Mrs Woods : I might have to take the exact numbers on notice and come back to you about that. They're not owned by the bank anymore. Although, once upon a time, I think I'm correct in saying that we had offices in every state of Australia fulfilling far more functions than they do today. All of that work was then consolidated into the office in Martin Place. The primary purpose of the state offices today is for economic liaison—talking to the business community in particular about what's happening and what they're seeing out there. Those offices are in Melbourne, Canberra—and Canberra performs more than just an economic liaison role; we actually have banking functions there as well—Brisbane and Perth. We also have operations in Craigieburn in Victoria—both our primary bank vault and Note Printing Australia, which is a wholly owned subsidiary of the Reserve Bank and produces the banknotes themselves. In addition to that, we also have a property which serves as our business resilience site and an education and training facility in Kirribilli, which we do own.

Mr ZAPPIA: In terms of the bank's long-term strategy, do you envisage that those offices will remain as they are, that they will grow or that they will, perhaps, wind down?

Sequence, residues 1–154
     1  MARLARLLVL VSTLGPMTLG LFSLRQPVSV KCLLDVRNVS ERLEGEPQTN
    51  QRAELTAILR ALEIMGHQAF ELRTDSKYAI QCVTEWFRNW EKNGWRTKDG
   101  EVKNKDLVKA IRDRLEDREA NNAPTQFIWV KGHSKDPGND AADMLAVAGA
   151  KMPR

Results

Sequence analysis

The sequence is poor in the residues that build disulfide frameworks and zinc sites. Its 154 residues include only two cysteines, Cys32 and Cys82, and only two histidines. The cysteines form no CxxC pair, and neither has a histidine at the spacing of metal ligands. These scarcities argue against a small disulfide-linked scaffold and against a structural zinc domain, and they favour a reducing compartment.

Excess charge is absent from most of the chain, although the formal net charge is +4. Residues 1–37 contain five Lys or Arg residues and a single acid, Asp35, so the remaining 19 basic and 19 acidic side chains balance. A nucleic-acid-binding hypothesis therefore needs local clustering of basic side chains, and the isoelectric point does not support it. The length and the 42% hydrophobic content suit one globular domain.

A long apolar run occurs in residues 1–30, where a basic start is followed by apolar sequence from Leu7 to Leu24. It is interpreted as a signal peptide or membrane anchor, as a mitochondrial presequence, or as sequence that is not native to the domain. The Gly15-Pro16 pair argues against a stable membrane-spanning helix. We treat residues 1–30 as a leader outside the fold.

Mrs Woods : At the moment, we envisage that the economic liaison offices will continue to operate as they do today. I think, in respect of the other three sites that we own in addition to Martin Place, they will continue as is. We absolutely need a business recovery site. The education and training centre at Kirribilli also performs a very important role in the functioning of the bank, as does the note printing facility and the vault in Victoria. So, in the foreseeable future, I don't envisage any change to that, no.

Mr Jacka : It might be worth saying that the asset management strategy is in response to the future business needs, so it's not a response to the building needs. It's actually a response to speaking to all the departments, speaking about their future forecast for their business, their future numbers and their future functions and making sure that the properties are going to respond to those needs into the future.